Greg goes onto write that: ‘simply put, Elisabeth Sanxay Holding is the precursor to the entire women’s psychological suspense genre, and authors like Patricia Highsmith and Ruth Rendell owe her a very large debt of gratitude.’ Having now read today’s title under review, I have to agree that I can see how Holding’s ability to structure her narrative focus/point of view from an unreliable character’s mindset, went on to influence the likes of Highsmith and Rendell. Those two definitely feel like literary descendants in that respect.
Before sharing my thoughts on the book, here’s what the story is about…
‘Malcolm Drake had been a merchant seaman, but has returned from the war a changed man, his nerves completely frayed. Now he lives at his brother Arthur’s house, with his sister-in-law Helene and her sister Virginia—and their domineering Aunt Evie. Aunt Evie only wants what is best for Malcolm, of course, but when she drops dead one evening at a party, the rumours quickly spread that he had something to do with it. Dr Lurie is sure that Malcolm had loaded her glass with alcohol, inducing a heart attack. The butler, Ben, even claims to have seen him do it. One of the guests, Aunt Evie’s young protégé, Ivan Jenette, has news to the contrary, but has conveniently disappeared. Their neighbour, Lily Kingscrown, believes in his innocence, but there is something decidedly strange going on at her house—her own maid goes into screaming fits for apparently no reason. And now the police have some questions of their own. Malcolm is enmeshed in a net of cobwebs, and the strands are growing tighter by the moment.’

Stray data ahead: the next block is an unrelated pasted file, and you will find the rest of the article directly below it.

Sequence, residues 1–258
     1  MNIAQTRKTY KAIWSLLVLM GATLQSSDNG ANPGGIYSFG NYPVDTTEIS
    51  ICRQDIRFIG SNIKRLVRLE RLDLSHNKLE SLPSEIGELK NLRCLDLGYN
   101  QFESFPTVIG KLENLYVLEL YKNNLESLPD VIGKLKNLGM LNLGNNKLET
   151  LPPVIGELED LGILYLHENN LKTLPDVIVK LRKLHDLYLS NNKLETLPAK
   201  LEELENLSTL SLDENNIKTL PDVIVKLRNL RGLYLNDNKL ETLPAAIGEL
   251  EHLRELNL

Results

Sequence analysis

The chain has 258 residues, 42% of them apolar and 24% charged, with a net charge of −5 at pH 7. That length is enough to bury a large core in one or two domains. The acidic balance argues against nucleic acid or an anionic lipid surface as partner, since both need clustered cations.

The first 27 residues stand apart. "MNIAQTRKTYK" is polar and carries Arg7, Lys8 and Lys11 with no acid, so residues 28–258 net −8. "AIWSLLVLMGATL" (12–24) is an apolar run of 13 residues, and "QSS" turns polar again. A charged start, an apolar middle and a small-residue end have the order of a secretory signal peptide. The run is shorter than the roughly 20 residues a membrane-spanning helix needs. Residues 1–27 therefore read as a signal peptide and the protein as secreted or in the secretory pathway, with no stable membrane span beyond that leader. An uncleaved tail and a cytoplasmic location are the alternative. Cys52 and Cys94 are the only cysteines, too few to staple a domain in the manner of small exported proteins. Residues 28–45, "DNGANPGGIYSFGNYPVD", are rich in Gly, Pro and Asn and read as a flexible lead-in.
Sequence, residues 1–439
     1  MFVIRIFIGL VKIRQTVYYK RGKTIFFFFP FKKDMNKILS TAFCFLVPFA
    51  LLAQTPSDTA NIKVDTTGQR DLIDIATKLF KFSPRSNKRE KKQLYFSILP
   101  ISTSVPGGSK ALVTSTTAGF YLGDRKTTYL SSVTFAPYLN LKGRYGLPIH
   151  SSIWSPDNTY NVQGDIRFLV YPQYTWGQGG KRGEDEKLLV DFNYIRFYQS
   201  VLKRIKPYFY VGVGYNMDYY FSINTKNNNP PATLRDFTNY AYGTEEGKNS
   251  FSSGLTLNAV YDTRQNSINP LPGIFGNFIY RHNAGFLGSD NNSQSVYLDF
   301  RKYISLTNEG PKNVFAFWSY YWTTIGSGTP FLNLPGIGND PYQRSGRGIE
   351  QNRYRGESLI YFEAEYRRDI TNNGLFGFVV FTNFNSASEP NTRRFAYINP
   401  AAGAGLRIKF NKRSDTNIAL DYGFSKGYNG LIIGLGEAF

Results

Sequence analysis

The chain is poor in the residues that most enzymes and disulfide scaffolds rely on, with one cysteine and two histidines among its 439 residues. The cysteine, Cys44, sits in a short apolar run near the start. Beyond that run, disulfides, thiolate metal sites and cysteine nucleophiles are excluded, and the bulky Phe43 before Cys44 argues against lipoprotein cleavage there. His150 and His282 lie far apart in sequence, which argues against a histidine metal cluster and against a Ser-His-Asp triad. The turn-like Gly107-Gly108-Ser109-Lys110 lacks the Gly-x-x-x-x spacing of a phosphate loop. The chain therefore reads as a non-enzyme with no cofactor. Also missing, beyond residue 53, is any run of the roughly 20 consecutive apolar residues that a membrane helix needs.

So was this another reading disaster? Have I given up on Holding for good?